The Pyruvate Scale measures pungency in onions and garlic. It's named after the acid in onions which makes cooks cry when cutting them.

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You should have tried Cafe des Artists. They ahve mussles. Good ones.

Thats a really pretty picture too. thanks for the post.
LOL. We thought of that place, but I forget why we nixed it. Im not sure RG is willing to park her car in that hood...something like that. Or maybe they were closed too. I cant recall. Thanks for the idea though, I will have to remember that next time the mood strikes.
Ooohh, yums. I love mussels. I used to go to a little cafe near my studio and have a bowl of moules moulinere with a nice glass of wine. Perfect way to spend my afternoon before I started teaching. I will definitely try this recipe.

lovely mussel.
Mussels are definitely one of our favorites in the shellfish family. Just realized I didn't have you in my list of blogs - added now. :)
You didn't come out and say where you actually had the mussels...I assume Marcel's but it could have been Morels. Marcel's are way better- Morels is very very salty.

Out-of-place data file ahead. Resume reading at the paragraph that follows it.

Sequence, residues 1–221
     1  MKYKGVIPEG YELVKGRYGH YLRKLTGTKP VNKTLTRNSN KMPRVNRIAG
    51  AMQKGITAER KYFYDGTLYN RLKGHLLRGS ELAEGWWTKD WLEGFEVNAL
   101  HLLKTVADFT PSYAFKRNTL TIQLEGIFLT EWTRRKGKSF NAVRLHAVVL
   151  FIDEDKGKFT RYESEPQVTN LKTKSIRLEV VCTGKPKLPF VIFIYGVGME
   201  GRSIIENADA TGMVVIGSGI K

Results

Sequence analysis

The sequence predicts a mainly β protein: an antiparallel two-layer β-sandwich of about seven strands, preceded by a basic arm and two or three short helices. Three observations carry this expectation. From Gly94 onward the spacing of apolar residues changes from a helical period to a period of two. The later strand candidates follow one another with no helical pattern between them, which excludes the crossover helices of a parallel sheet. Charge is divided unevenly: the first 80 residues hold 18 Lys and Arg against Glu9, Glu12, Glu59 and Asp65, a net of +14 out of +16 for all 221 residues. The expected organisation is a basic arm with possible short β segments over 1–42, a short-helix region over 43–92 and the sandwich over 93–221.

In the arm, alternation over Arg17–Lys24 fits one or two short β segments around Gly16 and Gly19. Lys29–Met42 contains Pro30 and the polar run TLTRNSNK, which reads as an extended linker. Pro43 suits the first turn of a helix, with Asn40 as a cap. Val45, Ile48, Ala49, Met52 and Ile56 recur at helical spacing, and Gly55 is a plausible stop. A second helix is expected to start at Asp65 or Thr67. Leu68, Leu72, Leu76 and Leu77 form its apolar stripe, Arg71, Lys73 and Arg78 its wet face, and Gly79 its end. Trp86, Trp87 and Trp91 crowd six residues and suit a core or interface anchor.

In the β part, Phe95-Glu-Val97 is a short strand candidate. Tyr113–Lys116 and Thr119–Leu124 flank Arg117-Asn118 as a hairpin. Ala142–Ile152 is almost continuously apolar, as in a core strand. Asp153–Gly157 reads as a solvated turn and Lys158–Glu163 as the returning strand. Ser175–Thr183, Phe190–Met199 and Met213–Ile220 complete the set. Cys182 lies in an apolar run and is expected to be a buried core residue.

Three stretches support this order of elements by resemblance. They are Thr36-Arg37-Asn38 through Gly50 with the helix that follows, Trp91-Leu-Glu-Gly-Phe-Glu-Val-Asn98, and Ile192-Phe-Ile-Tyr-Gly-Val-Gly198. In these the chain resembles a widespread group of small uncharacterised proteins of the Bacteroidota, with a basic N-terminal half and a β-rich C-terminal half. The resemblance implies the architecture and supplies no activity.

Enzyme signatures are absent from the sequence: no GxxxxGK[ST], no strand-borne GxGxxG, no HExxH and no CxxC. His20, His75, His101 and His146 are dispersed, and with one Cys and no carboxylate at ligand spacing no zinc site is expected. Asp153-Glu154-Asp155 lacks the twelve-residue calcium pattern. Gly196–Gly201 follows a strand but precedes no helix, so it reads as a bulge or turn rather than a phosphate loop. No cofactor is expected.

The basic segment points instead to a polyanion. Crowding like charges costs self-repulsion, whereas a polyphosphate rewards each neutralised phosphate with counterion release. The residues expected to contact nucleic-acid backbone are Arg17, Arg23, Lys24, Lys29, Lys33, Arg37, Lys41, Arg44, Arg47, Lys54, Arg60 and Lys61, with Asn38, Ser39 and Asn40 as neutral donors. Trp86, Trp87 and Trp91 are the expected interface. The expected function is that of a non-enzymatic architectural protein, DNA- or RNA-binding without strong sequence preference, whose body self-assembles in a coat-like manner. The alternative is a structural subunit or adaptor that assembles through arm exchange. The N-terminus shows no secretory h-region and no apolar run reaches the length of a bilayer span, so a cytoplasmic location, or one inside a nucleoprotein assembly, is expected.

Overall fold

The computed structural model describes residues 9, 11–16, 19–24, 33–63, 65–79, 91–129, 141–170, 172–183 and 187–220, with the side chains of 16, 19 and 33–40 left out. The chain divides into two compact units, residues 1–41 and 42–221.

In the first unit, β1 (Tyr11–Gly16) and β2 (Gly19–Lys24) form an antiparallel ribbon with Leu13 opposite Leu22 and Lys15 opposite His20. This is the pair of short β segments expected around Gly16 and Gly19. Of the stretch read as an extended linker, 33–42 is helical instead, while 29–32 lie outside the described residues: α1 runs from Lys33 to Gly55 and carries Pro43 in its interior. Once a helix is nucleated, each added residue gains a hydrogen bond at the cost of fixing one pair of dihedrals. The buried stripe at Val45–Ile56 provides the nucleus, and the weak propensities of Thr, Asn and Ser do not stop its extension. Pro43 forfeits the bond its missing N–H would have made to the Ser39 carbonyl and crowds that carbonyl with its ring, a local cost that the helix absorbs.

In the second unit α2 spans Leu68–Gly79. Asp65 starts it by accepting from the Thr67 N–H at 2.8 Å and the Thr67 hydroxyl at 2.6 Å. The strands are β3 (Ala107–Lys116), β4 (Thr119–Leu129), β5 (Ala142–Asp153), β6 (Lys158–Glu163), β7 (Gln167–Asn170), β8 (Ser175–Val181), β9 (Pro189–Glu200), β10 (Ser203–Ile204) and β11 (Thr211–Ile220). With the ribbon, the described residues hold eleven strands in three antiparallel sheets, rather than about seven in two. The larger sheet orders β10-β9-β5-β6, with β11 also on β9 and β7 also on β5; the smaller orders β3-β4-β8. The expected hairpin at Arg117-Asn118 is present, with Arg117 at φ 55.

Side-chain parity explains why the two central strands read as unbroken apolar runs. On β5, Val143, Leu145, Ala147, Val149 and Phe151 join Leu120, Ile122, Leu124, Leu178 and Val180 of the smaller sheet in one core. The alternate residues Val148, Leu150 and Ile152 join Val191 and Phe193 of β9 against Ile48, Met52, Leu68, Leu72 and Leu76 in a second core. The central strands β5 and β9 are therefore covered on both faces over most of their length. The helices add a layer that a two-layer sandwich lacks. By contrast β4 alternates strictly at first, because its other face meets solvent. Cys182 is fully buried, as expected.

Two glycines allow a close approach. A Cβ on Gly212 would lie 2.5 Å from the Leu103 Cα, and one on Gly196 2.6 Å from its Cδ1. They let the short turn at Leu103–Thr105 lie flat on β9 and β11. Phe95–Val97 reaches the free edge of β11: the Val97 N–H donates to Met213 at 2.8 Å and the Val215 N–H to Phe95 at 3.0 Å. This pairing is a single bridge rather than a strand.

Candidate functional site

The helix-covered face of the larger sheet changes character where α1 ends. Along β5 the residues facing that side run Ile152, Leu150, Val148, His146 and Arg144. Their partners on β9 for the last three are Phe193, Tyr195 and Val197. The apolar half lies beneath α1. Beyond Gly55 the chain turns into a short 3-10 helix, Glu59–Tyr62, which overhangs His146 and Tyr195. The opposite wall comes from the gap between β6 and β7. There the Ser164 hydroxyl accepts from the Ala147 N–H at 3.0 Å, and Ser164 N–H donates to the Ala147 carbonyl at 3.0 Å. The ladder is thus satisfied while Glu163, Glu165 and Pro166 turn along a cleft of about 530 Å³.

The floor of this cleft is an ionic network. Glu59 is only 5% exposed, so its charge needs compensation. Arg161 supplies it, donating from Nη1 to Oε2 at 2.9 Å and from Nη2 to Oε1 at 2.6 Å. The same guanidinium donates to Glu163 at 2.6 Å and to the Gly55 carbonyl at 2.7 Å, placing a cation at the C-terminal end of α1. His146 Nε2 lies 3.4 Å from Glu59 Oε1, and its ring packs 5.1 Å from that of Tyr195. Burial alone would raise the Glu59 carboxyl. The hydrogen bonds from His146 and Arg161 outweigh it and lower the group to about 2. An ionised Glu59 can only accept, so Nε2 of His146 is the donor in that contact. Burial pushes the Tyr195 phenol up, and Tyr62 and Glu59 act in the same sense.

Excellent point! It was Marcels. I have never had them at Morels. Thanks for pointing that out!

Hi Rachael, thanks for visiting my blog again. I just came back from OZ & NZ, and I found amazingly good mussels in New Zealand. Every grocery store there sells smoked and marinated mussels, and I especially loved the smoked BBQ ones. Other varieties were plain smoked, garlic marinated etc. So yummy! The mussels are called Greenshell, Green Lipped or Green Bearded (Perna canaliculus), and are native to NZ. They were like seafood chicken wings. I'll definitely try to replicate them with the blue mussels available here in Finland. Cheers, Antti from Doughboy
Hi! Stumbled over your post on the hunt for some original moules recipies on google. Your one is now cooking on the stoves behind me and by the smell only my hope is up. Perfect friday laid back dinner for my wife and I, thanks from Sweden!